In the unfolding political and legal drama surrounding Hillary Clinton and her private server, one name has been conspicuously missing.
There has been scant mention of the former president’s possible role and potential exposure in the server/classified material controversy, which now represents an existential threat to Mrs. Clinton’s presidential ambitions. But perhaps his role may be more central that we’ve been led to believe.
Rather than simply focusing on Mrs. Clinton’s actions as secretary of state, the FBI investigation may be proceeding along two tracks: his and hers. So far, two areas of focus have been mentioned.
One is the possible abuse of highly sensitive information by Mrs. Clinton through her use of a private, unsecured server. The other involves possible violations of public corruption law: whether she and Mr. Clinton used her position as secretary of state to further the interests of the Clinton Foundation. When these two apparently separate tracks are looked at conjointly, two major questions arise concerning Mr. Clinton.
First, did Mr. Clinton, in fact, own, pay for and house on his property the server used by Mrs. Clinton while she was secretary of state? And second, did he touch, read, see and/or use any of the classified documents that appeared on that server, and if so, did he have the appropriate clearances and approval?
Let’s take a step back. In March 2015, when the story first broke that as secretary, Mrs. Clinton had kept a private server through which all of her official government business passed, the Associated Press reported that the server was traced back to an Internet service registered to the Clinton home in Chappaqua, N.Y.
At her initial press conference on the matter that month, Mrs. Clinton said the server that housed her emails while she was secretary was set up for Mr. Clinton.
“The system we used was set up for President Clinton’s office,” she said.
She added, “It was on property guarded by the Secret Service. So, I think that the use of that server, which started with my husband, certainly proved to be effective and secure.”
Further, in mid-March 2015, a Democratic source familiar with the arrangement told Fox News that Mr. Clinton paid out of his own pocket for the email server that was used by Mrs. Clinton.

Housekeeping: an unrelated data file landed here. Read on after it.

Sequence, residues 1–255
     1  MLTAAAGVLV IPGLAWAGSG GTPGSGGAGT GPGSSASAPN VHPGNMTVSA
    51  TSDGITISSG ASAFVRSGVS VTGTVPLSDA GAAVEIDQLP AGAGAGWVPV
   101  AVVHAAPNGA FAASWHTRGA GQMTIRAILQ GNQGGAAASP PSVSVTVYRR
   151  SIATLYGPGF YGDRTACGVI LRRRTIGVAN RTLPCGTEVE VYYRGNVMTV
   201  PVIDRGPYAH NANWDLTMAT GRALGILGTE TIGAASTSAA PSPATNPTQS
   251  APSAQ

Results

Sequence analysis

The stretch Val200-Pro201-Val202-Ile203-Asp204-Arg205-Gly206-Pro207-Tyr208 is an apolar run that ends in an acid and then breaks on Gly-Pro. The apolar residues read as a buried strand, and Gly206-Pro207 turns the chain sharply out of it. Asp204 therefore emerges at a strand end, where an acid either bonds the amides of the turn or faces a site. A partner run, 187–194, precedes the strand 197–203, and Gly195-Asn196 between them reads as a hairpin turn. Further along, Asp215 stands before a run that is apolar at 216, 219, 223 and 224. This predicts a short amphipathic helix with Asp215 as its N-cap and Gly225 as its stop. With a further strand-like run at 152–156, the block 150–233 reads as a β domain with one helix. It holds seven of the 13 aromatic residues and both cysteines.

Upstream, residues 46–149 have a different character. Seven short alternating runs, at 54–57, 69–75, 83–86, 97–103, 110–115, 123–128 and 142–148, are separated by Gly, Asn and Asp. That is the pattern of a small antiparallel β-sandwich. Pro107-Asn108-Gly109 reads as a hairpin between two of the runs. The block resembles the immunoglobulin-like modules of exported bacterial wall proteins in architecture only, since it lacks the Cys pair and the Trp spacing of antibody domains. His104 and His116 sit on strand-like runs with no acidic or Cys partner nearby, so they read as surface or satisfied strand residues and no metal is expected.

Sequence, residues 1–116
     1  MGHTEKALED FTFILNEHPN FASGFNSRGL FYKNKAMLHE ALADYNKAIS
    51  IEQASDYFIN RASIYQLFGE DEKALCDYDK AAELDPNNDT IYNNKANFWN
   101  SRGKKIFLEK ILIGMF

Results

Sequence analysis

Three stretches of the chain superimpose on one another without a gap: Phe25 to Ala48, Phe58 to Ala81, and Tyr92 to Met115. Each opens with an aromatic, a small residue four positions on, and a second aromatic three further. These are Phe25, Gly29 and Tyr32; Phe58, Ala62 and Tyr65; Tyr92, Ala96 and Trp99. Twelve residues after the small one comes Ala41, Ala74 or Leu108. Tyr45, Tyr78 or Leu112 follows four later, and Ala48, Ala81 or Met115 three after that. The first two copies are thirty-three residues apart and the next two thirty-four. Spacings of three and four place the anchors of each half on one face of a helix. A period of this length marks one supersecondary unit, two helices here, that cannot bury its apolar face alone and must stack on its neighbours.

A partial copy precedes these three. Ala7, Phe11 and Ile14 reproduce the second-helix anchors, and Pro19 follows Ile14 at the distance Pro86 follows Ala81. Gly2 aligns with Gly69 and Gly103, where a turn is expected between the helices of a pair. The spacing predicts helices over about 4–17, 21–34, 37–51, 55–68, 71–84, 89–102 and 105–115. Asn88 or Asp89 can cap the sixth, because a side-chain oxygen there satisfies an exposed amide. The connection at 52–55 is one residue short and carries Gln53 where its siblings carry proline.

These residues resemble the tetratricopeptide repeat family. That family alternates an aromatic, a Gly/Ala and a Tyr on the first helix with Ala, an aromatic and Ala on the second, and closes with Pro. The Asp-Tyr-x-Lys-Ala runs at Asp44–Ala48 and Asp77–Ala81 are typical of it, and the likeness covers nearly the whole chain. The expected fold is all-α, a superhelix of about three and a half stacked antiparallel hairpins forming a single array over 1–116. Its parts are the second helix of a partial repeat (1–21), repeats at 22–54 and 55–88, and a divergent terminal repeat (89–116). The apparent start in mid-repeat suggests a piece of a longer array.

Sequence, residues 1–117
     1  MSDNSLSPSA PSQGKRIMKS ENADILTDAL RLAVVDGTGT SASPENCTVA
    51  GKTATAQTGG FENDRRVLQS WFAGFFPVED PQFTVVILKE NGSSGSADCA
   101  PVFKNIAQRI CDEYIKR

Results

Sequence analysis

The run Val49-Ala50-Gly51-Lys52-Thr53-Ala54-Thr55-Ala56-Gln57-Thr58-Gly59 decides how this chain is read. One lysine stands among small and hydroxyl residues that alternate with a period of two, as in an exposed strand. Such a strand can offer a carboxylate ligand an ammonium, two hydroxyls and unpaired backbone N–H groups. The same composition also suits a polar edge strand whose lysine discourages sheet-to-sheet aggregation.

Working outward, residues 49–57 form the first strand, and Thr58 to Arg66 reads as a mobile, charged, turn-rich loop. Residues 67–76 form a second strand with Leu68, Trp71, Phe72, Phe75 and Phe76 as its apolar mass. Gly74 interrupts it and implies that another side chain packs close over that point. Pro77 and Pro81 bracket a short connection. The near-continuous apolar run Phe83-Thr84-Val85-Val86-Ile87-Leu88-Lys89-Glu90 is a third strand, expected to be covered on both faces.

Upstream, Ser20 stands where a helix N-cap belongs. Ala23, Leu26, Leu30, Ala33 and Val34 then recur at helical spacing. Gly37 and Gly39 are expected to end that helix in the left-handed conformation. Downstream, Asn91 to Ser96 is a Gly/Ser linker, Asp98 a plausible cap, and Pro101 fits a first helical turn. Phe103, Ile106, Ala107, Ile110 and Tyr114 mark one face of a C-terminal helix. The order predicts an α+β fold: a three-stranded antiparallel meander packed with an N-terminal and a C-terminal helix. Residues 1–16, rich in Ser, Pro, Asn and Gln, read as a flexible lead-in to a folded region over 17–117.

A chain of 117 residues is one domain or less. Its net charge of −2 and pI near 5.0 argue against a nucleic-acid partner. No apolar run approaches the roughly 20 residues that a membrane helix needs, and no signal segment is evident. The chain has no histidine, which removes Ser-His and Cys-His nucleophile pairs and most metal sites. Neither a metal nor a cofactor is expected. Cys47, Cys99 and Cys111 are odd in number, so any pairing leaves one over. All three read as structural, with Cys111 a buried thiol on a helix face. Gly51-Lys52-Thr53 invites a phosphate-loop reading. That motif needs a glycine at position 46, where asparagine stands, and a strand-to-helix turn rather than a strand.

At the time, aides to Mr. Clinton were quick to point out that while he did not use email, they did, and wanted a secure system to communicate with one another about his “speeches and business dealings.” Business dealings that undoubtedly involved Clinton Foundation work.
A Democratic source also confirmed a Wall Street Journal report that Mrs. Clinton’s aides approached her husband’s aides before she became secretary in 2009 to request shared access to the server. The Journal reported that Mr. Clinton’s aides expressed concerns that adding her would make it a juicy target for hackers. They added her to his system anyway.
Since then, Mrs. Clinton’s defenses have been all over the map. She first claimed unequivocally that “there is no classified material.” When that was shown to be false, she claimed that she had neither “sent nor received” anything “marked” classified. We now know that she had ordered her deputy, Jake Sullivan, to remove the classification markings on at least one document and send to her “nonsecure.” As I indicated in this column last summer, Mr. Sullivan may be cooperating with the FBI. If so, he could be revealing that Mrs. Clinton ordered her staff to routinely remove classification markings and transfer them via her unprotected server.
Here, however, is the main point: The moment she established and began using her own server, she assumed full responsibility for everything that occurred on it — including the possibly illegal transfer of top secret and classified material. Once classified material hits a computer system, the entire system — including the hardware — becomes classified.
And while her constantly changing claims that she did not send classified material and that material she received was not “marked” classified might constitute some sort of meager defense if she had used the government’s secure system, they appear irrelevant once she chose to use her own system. It would seem that she, and possibly he, are fully responsible for everything that occurred on it, period.
Again, Mr. Clinton paid for the server out of his own pocket, his team used it for foundation work, and it was stored on his property. It would be difficult for him to claim ignorance about the server and what was passing through it.
Does he, as owner and overseer, incur any criminal liability for illegal activity that took place on or through it?
Further, if Mr. Clinton touched, read, saw, and/or used any of the classified material, does he have additional criminal exposure?
Finally, if, for example, she possessed classified material on the server about a foreign country or entity and that information was used to benefit them personally and/or their foundation, might both Clintons be implicated in the broader security violations?
While the public focus is currently solely on Mrs. Clinton, perhaps down the line there may be two possible criminal referrals from the FBI: hers and his. And perhaps the threat of a criminal referral against Mr. Clinton might be used as leverage to extract concessions from her, say, withdrawing from Democratic race or, more sinisterly, ensuring her silence about the shady machinations of the Obama administration.
At that point, we may finally learn why the Clintons seem to have been willing to expose America’s greatest national security secrets.
• Monica Crowley is editor of online opinion at The Washington Times.